The Week in Early American History

TWEAH

Hello and welcome to another exciting week in early American history!

This week Alan Taylor joined the likes of Bernard Bailyn, Robert Caro, and David McCullough on the list of two-time Pulitzer Prize winners for his book, The Internal Enemy: Slavery and War in Virginia, 1772-1832, reviewed by our own Roy Rogers last September.

Americans also paid their taxes this week—but not without continuing the rich historical tradition of tax protest. Here in the UK, last weekend was the London Marathon, but in the U.S., “watching people walk” was once apparently America’s favorite spectator sport, while tomorrow’s Boston Marathon has, at least according to The Atlantic, “come to embody our long march towards greater freedom.”

“George Shoemaker knew it was time to run.” So opens Christopher F. Jones’ article on the transition to coal power in nineteenth-century Pennsylvania. And Civil War buffs are running out of patience as “promoters of memorabilia, tourism, re-enactments say public seems apathetic; relics aren’t selling” in spite of the long-awaited sesquicentennial. All the historical scholarship on the Civil War doesn’t seem to have had much impact on former senator Jim DeMint, who declared in publicity for his new book that “no liberal is going to win a debate that big government freed the slaves.” Meanwhile, yesterday marked another anniversary: of the “shot heard ’round the world” at the battle of Lexington and Concord. But just how varied were the uniforms of revolutionary soldiers?—some of which were worn by Jewish veterans of the revolution now interred at the Mikvah Israel Cemetry in Philadelphia.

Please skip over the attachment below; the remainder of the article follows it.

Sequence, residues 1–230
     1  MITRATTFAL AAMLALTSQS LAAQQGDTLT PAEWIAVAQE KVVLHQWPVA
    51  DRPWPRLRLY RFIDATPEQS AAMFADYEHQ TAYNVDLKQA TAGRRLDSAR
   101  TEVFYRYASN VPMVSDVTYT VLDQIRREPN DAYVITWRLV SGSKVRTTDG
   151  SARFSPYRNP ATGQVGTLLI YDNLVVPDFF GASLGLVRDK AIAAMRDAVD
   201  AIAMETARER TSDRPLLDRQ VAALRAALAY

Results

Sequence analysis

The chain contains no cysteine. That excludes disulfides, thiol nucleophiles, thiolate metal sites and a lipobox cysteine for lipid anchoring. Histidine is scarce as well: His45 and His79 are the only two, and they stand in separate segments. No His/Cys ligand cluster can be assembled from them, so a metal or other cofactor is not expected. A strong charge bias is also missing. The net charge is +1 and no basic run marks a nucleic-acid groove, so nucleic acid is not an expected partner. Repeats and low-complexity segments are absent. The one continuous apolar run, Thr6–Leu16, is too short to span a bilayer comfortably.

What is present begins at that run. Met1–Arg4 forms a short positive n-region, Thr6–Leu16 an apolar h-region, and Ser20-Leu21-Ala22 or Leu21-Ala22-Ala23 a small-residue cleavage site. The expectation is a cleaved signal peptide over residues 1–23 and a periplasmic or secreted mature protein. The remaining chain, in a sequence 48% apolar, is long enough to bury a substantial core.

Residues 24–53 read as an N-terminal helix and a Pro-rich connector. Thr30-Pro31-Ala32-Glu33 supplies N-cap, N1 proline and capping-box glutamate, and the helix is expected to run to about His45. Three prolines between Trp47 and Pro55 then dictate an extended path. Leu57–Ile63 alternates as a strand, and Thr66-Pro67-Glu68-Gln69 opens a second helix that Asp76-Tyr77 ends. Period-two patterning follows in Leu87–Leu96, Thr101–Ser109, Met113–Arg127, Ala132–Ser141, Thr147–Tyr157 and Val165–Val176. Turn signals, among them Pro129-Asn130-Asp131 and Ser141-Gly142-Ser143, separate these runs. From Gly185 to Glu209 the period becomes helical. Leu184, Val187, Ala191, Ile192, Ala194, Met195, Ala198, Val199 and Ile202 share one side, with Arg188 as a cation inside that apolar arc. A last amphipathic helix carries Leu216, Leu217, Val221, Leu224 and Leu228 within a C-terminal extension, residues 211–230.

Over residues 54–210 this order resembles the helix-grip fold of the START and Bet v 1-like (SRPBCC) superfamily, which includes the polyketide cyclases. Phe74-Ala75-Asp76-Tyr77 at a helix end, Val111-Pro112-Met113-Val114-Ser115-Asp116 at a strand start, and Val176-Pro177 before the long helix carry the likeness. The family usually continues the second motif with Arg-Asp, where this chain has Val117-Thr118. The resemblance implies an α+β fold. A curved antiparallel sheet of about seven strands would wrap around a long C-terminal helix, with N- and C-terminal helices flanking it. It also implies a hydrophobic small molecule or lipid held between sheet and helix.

In your weekly dose of professional and technical news, Readex will soon be easier to read, or at least search. A SHEAR panel at the recent OAH annual meeting sparked some reflection on teaching the XYZ affair. There were further additions to the roll-call of blog posts on the question, “Is Blogging Scholarship?” There were also new remembrances of southern historian Stephanie Camp. The Illinois Programme for Research in the Humanities shared a letter taking on anonymous peer review, and The Chronicle discussed the new academic celebrity. The New York Times may also have said something about “looking for America beyond its borders,” but I wouldn’t know because the content is paywalled, as is this reconsideration of the Civil War death toll.

That’s about all for this week, folks, but I leave you with news that the Civil War gunship Planter, commandeered by the 23-year-old enslaved man Robert Smalls and other African-American crew members in Charleston harbour, may have been discovered by archaeologists this week. Smalls became the captain of the ship when he joined up with the Union blockade in 1862, but the ship was eventually lost in 1876. “Smalls went on to serve five terms in Congress.” Now that sounds like something worth re-enacting.

One comment on “The Week in Early American History

  1. Thank you for sharing my reflection on Stephanie Camp. ~jmj

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